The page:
The latest dispersal was the largest Cathleen Beaudoin said she has ever seen. The Dover Public Library director said, while she’s found pamphlets and the like within small groups of books in the past, as well as such oddities as a $100 bill, an endorsed paycheck and a strip of bacon, nothing could match the number of stuffed books (over 5,000) that cropped up in May.
Submitted by Blake on June 29, 2010 - 10:12am
Mass. official aims to shame library porn viewers
A city councilor in Massachusetts thinks he's come up with a way to stop people looking at pornography on public library computers — name them and shame them.
Quincy Councilor Daniel Raymondi has asked Mayor Thomas Koch to make public a list of people who have viewed pornography on library computers within the past year. The council unanimously approved a resolution on the idea last week.
Submitted by birdie on June 1, 2010 - 8:54am
It's something Chip Ward saw every year when he was assistant director of Salt Lake City's public library system. Ward was trained to organize information, to file papers and data. But his job, he says, was as much about knowing regulars as it was shelving books. He wrote an arresting piece on the subject entitled How the Public Library Became the Heartbreak Hotel. Emilio Estevez is now reportedly producing a movie based on its themes; the working title is "The Public" and it will be based in L.A.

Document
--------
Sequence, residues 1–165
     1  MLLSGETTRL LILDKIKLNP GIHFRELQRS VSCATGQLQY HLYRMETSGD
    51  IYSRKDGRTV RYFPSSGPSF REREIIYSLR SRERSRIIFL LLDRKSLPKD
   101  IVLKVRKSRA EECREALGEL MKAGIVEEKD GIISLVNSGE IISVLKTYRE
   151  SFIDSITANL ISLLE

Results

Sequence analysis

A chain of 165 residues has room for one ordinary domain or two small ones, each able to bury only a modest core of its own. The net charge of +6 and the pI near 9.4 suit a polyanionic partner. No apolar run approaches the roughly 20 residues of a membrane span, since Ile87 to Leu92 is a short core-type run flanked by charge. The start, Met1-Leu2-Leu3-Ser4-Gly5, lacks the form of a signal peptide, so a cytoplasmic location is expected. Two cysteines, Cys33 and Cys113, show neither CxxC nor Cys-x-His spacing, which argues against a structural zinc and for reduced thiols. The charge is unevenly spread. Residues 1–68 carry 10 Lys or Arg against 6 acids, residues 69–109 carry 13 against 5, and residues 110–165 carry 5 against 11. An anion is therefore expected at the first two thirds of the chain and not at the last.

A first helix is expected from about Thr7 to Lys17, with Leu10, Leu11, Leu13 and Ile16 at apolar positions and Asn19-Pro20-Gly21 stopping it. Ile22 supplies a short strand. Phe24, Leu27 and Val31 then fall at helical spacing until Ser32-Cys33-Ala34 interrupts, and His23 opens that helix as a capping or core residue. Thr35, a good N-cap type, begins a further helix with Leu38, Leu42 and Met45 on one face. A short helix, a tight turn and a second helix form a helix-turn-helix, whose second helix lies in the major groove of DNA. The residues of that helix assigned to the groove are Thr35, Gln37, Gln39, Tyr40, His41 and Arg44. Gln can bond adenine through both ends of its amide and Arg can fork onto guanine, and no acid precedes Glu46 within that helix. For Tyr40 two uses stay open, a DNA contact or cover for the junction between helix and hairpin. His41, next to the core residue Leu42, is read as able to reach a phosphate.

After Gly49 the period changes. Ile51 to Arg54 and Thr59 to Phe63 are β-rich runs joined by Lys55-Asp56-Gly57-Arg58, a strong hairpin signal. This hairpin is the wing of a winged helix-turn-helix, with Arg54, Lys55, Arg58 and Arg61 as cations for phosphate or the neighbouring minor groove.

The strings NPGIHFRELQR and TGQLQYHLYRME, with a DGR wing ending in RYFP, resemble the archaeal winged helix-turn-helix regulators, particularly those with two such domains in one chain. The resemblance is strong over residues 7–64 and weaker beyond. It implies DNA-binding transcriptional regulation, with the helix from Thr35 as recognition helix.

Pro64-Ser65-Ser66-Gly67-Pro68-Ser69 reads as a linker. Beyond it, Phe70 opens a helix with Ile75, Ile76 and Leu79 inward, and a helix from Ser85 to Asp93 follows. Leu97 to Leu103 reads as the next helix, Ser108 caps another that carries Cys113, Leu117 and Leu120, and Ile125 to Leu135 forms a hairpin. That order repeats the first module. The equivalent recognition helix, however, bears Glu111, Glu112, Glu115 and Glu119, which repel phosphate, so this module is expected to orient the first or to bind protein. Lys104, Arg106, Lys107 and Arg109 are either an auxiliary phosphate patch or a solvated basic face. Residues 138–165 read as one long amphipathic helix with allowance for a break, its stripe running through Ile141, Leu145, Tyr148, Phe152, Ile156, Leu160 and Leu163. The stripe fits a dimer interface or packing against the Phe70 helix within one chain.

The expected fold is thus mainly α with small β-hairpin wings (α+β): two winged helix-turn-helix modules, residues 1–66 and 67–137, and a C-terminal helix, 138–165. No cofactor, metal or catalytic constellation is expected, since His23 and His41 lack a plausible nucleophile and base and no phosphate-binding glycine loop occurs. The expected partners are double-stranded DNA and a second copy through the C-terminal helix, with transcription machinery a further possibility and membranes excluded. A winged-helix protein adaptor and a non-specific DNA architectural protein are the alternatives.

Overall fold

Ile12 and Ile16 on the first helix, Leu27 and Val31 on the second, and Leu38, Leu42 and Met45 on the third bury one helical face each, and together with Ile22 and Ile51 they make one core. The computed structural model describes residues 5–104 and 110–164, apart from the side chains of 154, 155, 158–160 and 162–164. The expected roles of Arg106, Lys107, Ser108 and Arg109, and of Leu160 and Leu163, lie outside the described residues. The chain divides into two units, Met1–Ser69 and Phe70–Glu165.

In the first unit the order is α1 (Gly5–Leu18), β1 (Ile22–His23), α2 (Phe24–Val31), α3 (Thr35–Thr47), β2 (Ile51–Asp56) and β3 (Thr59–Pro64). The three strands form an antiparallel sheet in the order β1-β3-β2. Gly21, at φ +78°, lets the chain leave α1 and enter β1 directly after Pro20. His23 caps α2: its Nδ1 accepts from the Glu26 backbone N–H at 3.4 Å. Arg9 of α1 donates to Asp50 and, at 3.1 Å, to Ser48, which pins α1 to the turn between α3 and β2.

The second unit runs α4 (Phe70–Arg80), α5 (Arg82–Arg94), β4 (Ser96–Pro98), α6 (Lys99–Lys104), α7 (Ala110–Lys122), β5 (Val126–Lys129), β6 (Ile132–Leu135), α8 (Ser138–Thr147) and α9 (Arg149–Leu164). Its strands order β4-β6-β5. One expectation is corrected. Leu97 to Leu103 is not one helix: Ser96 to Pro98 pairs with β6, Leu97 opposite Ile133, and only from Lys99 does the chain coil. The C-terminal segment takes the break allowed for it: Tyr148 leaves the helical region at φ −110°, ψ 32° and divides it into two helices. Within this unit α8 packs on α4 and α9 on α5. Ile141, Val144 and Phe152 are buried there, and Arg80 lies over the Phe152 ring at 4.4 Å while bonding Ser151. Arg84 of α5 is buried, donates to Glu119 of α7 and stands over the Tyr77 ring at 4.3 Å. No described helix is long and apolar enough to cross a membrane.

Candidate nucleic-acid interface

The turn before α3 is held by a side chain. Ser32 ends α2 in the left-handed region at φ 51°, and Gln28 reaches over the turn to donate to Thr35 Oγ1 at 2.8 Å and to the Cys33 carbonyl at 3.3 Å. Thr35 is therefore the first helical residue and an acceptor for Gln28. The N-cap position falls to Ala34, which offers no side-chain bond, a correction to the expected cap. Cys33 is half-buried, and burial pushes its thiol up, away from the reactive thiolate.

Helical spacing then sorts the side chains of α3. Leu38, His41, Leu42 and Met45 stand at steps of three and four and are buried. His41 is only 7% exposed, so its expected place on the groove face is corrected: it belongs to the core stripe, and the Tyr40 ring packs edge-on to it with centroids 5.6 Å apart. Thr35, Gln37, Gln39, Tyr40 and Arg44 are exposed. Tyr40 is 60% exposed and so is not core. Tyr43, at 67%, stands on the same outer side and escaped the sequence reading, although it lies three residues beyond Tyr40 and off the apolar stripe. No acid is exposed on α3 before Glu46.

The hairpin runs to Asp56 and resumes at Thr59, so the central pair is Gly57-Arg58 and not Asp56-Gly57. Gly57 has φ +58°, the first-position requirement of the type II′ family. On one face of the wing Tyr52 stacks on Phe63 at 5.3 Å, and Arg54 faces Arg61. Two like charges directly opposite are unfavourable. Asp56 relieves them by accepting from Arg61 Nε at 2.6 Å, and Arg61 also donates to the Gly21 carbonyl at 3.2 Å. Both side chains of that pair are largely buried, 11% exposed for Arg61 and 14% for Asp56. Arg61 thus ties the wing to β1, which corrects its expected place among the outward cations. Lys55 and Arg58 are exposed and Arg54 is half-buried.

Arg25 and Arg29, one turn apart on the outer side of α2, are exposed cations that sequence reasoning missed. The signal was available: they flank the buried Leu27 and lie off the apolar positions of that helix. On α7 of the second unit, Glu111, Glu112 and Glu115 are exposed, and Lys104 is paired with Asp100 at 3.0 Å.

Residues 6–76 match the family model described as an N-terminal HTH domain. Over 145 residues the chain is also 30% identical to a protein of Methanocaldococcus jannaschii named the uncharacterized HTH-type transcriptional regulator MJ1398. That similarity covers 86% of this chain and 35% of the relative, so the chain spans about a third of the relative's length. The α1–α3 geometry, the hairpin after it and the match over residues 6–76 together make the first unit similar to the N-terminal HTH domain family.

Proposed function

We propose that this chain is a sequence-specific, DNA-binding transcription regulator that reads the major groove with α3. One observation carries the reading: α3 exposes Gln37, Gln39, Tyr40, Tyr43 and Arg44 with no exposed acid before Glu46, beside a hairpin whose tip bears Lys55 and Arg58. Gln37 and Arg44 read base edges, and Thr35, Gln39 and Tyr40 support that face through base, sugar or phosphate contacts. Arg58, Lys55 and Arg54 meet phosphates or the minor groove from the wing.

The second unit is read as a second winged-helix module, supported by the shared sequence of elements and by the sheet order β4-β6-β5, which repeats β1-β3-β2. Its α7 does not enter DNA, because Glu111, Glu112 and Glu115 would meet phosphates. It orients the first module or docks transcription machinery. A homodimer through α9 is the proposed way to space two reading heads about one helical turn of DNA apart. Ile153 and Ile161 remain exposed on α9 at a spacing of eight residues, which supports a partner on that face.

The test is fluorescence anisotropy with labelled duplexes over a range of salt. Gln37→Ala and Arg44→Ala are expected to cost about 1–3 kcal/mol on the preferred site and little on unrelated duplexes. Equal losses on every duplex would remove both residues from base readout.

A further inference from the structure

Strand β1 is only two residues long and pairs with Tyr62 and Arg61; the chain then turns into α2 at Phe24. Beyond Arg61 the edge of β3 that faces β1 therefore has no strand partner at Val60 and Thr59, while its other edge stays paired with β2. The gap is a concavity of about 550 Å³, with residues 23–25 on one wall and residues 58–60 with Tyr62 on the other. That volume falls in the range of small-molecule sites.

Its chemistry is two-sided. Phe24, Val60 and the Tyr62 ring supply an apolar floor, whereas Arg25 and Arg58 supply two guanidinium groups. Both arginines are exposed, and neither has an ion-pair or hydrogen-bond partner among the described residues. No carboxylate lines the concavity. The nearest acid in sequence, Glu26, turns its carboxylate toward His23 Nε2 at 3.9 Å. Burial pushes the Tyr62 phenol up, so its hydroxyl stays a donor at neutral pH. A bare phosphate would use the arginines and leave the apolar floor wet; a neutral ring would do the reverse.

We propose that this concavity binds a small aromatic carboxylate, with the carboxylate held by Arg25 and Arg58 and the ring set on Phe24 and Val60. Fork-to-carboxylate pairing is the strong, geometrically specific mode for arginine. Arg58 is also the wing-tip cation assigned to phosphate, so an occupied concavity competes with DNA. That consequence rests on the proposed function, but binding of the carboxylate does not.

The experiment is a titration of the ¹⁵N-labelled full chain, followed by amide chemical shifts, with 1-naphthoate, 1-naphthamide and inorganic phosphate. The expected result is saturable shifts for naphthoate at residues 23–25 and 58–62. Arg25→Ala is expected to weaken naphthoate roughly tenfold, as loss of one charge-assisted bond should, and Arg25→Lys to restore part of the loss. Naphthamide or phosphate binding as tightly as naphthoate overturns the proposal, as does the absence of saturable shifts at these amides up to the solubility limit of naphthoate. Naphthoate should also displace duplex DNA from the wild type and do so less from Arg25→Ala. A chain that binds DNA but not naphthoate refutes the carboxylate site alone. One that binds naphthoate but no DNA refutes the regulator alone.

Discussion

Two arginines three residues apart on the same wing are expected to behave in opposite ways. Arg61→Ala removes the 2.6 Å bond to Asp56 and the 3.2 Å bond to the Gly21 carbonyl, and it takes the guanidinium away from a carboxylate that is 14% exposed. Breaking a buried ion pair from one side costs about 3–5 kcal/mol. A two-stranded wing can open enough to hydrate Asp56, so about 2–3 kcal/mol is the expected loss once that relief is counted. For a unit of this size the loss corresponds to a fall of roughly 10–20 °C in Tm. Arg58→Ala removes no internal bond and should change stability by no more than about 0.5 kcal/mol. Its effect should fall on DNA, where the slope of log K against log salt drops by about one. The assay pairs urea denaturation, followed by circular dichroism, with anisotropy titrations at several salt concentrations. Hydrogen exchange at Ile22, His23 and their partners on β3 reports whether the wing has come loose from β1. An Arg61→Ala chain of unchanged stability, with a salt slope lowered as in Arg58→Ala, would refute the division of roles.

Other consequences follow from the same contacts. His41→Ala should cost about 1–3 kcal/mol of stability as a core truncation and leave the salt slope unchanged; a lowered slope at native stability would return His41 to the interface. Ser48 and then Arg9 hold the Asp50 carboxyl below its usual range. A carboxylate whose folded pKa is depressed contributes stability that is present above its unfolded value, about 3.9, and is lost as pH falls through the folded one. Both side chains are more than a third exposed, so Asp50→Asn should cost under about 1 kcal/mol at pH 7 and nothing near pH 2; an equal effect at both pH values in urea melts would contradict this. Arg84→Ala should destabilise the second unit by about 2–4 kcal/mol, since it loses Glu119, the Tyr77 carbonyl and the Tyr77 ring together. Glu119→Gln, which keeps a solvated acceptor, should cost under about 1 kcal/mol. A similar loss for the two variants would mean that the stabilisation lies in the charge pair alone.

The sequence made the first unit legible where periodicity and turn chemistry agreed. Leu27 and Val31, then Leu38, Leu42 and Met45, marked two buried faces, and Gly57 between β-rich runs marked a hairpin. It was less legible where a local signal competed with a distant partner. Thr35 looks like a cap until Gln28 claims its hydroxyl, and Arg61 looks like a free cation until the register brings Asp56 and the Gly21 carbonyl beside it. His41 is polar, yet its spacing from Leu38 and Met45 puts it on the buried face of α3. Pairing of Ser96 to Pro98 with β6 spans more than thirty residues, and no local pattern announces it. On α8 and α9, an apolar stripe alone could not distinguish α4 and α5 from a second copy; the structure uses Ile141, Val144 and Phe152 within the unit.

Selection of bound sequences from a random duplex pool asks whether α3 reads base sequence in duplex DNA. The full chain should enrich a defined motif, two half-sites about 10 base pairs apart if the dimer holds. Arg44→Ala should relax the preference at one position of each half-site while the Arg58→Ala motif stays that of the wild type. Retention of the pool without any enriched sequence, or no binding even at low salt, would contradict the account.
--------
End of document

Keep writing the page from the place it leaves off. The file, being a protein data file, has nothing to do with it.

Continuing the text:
There was Crash, a happy drunk with a deep scar that cleaved his face from forehead to chin. There were Mick and Bob who suffered seizures. Margi had dementia. John, open wounds he wouldn't treat. For each, the library was as much a home as anywhere else.
Ward worked at Salt Lake City's central branch, an architecturally arresting five-story structure that opened in 2003. A wedge-shaped, glass-fronted wonder that features cafes, an art gallery and one of the world's largest collections of graphic novels, the branch is also the Utah capital's de facto daytime shelter for the homeless and a default hangout for street kids and misfits.
Ward spent five years at the branch. After he retired, he wrote an essay about his work. Published online, the piece became a minor sensation. It was e-mailed from library to library before breaking into the mainstream.